Humans have a lot of tools for measuring time — from sundials and pendulums to hourglasses and pocket watches — but the most accurate timepiece of all is an atomic clock.
The best atomic clock is so precise, if it had started measuring time at the dawn of the universe, it would only be off by about half a second today — your standard wrist watch loses or gains that much in about 15 years.
Now, researchers at MIT have developed an atomic clock that would only be off by one-tenth of a second if it had been used since the Big Bang — that may not sound like a huge improvement, but they think it could help solve some of science's biggest mysteries.
What Is an Atomic Clock?
The key to measuring time is counting something that happens at reliable intervals. Our ancestors relied on astronomical objects for this. Earth completes a rotation in about 24 hours — that's a day. The moon completes a cycle in roughly 30 days — that'll be a month. Earth orbits the sun about every 365 days — there's a year.
About 70 years ago, scientists found something far more precise to measure: the vibrations of energized atoms.
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They discovered that using a laser to energize cesium atoms caused the element's single electron to bounce between two states at incredibly reliable intervals. Today, the official definition of a second is 9,192,631,770 of those back-and-forth cycles, or oscillations.
If scientists could measure the oscillations of just one energized cesium atom, they'd be able to keep perfect time, but they can't due to a weird phenomenon called the standard quantum limit.
Instead, they have to measure thousands of atoms at once and then average out the results for atomic clocks, which leads to a just slightly imprecise second.
Now, MIT researchers have found a way to create a more precise atomic clock by exploiting another weird quantum phenomenon: entanglement.
Quantum Entanglement FTW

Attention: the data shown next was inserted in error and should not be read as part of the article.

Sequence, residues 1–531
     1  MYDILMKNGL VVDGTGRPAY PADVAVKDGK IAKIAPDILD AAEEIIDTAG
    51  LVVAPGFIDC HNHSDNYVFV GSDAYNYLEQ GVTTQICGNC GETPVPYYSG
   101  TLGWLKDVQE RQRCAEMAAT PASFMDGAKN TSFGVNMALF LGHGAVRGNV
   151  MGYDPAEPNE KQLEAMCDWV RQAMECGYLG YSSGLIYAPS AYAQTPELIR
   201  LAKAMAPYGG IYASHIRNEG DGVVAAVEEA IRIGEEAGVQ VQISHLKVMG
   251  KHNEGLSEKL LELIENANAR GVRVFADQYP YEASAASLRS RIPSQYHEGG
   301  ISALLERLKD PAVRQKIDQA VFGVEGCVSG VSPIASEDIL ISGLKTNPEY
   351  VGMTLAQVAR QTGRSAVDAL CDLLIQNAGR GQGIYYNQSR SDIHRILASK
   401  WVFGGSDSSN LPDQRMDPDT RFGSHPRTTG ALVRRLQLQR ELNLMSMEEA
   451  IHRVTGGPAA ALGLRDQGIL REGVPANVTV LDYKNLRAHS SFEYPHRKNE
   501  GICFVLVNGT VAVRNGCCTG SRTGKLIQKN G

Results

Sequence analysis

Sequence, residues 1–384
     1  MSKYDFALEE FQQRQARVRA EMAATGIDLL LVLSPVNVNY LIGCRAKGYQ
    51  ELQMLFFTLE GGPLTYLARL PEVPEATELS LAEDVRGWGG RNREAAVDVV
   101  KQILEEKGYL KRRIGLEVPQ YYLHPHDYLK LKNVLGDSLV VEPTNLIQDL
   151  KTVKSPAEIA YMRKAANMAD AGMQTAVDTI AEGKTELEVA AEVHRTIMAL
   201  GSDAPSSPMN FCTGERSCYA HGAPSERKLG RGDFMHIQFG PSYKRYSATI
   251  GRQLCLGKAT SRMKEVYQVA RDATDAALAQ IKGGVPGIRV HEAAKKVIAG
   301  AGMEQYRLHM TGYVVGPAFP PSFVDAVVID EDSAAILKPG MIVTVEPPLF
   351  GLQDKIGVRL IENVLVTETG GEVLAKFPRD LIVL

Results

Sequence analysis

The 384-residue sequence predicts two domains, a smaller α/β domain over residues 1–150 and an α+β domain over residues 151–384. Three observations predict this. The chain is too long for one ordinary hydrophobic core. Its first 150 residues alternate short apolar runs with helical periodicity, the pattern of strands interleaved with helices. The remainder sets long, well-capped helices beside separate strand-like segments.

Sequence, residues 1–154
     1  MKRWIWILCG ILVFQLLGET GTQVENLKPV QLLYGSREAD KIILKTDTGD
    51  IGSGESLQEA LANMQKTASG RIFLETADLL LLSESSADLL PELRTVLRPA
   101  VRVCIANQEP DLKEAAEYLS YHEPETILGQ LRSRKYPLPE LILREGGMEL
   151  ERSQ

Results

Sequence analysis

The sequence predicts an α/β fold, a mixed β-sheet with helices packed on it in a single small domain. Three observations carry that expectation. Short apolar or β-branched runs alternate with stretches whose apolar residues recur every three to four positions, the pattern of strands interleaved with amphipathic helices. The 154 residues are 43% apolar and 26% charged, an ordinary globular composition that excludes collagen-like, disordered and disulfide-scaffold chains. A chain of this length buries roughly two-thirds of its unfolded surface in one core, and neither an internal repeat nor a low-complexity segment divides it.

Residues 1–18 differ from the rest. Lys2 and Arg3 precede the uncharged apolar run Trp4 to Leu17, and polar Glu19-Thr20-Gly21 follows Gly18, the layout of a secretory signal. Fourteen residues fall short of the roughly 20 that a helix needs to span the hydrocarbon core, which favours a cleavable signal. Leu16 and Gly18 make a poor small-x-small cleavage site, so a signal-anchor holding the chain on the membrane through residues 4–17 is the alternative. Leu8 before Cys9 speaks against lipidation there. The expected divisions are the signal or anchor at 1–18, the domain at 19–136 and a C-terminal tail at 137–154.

When atoms are "entangled," they share a strange bond — if something happens to one particle, it affects the other even if they're far apart from one another.
Einstein described quantum entanglement as "spooky action at a distance," and it really doesn't make any sense if viewed through the lens of classical physics — but such is the quantum world.
For their new atomic clock, the MIT researchers used lasers to energize, trap, and measure the oscillations of a few hundred entangled atoms of the element ytterbium.
MIT's atomic clock could help scientists study dark matter, gravitational waves, and more.
They found that their atomic clock was able to achieve a target level of precision four times faster than today's atomic clocks.
Energized ytterbium also oscillates 100,000 times more per second than energized cesium, and that will allow scientists to record even smaller units of time — like recording in centimeters instead of kilometers.
Ultimately, the MIT researchers believe their ultra-precise atomic clock could help scientists study dark matter, gravitational waves, and more.
"As the universe ages, does the speed of light change? Does the charge of the electron change?" researcher Vladan Vuletic told MIT News. "That's what you can probe with more precise atomic clocks."
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